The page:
Denver Broncos | News

Danny Trevathan diagnosed with fracture above knee


ENGLEWOOD, Colo. --** The good news for the Broncos is that the left knee injury Danny Trevathan suffered on the second defensive snap Sunday is nothing "remotely the same" as the left tibial impaction fracture he suffered in training camp Aug. 12.

That injury cost Trevathan six weeks, including three during the regular season. But the Broncos' third-year weakside linebacker did suffer a fracture in the bone "just above the knee," Head Coach John Fox confirmed at his press conference Tuesday.

"It was a movement that caused it, but in a completely different area (from the previous injury)," Fox said. "It was low front last time; now it's high on the side this time."

The Broncos racked up 359 total yards on offense and held the Jets to just 204 during their 31-17 win on Sunday. Here are the best photos from the Broncos??? victory.

Cornerback Chris Harris Jr. was relieved at the news, given the fears of all after Trevathan left the field on a cart.

"I was just hoping he'd still be able to play this season, so definitely better (than expected)," Harris said.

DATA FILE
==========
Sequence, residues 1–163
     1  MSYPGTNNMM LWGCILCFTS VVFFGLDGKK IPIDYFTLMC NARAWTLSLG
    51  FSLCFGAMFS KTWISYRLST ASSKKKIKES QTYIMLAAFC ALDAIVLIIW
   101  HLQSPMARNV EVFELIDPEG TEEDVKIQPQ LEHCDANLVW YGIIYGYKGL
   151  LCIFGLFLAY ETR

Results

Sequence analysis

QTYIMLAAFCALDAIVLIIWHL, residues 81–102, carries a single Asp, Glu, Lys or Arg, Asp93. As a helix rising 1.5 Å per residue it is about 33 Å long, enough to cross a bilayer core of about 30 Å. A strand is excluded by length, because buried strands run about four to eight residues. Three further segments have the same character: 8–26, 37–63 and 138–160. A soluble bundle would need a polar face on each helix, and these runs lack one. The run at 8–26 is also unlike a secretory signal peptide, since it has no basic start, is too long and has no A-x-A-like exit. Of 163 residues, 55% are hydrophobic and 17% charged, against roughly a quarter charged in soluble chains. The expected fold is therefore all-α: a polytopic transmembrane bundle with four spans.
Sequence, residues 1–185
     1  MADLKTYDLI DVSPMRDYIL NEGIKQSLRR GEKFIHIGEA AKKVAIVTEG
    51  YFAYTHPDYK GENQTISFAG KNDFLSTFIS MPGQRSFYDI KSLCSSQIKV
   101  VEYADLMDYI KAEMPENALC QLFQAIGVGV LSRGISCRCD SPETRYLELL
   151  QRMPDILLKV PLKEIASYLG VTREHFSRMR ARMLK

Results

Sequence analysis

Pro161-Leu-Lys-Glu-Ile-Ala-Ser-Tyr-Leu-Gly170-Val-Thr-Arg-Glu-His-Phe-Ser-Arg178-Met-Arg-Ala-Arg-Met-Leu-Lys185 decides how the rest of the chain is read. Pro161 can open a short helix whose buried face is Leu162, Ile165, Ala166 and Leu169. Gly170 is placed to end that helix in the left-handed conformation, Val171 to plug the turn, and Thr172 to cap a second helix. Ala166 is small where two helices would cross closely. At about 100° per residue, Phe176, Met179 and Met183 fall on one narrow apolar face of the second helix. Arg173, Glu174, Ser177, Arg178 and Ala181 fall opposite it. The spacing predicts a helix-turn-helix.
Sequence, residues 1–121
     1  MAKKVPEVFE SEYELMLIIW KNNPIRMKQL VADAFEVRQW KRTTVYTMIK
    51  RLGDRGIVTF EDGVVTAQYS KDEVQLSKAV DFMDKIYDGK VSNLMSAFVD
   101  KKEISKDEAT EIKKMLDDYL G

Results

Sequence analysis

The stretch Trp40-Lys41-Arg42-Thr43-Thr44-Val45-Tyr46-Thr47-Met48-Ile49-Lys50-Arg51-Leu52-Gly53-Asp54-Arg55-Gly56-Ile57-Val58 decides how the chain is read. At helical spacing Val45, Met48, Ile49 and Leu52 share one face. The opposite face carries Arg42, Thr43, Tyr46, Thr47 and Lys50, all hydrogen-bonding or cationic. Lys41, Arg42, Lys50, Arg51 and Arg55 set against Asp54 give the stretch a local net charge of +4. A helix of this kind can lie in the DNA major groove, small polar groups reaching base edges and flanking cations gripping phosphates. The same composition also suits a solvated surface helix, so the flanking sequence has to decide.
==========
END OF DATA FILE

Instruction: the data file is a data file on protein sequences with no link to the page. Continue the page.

Regardless of how much time Trevathan misses, the injury was a blow to a linebacking corps that did not return to its intended form until the Week 5 win over Arizona.

With Trevathan back for that game, Brandon Marshall returned to his early-training-camp role as one of two linebackers in the nickel package, and the Broncos responded by holding the Cardinals to nine first downs, the fewest they permitted since a 38-3 win over Kansas City in the last game of the 2012 regular-season.

Trevathan's injury thrust Marshall back into every-down responsibilities. Following the injury, Marshall changed helmets, as he assumed the responsibility of having the radio receiver-equipped helmet from Trevathan.

"It was an easier transition this time," said Marshall. "The Colts game (in Week 1), the first time, I was a little nervous; I'm not going to lie. But when I went back in (Sunday's) game, I think it was a little slower. The game wasn't fast."

With Marshall playing every down, rookie Corey Nelson handled nickel package work after Trevathan's injury. Nelson had seven total tackles, including three solo stops, in a role that first-team middle linebacker Nate Irving manned in Weeks 1-3.

"Corey, he stepped up and played a big game," Harris said. "Nobody probably knew we were going to have to use him that much this year and even in this game, but he's going to have to learn fast with Danny being out six weeks. We're going to need Corey to step up."

The defense overcame Trevathan's absence with an outstanding performance, holding the Jets to 204 yards and 3.3 yards per play. Both figures were the best for Denver's defense since the afore-mentioned Week 17 game in 2012.

Nevertheless, the sooner Trevathan is back, the better.

"Danny's a fast healer. He said he'd be back, so he'll be back," said defensive tackle Terrance Knighton.

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